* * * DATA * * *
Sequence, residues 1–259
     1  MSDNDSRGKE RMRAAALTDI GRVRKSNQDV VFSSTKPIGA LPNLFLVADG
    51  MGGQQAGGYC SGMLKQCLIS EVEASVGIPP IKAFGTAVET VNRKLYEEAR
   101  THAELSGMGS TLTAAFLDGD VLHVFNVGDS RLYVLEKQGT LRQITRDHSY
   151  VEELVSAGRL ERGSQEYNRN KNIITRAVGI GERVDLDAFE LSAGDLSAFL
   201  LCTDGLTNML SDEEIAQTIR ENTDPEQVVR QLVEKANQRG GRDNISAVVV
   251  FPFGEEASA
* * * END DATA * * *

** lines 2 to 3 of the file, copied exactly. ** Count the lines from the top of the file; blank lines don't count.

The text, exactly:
     1  MSDNDSRGKE RMRAAALTDI GRVRKSNQDV VFSSTKPIGA LPNLFLVADG
    51  MGGQQAGGYC SGMLKQCLIS EVEASVGIPP IKAFGTAVET VNRKLYEEAR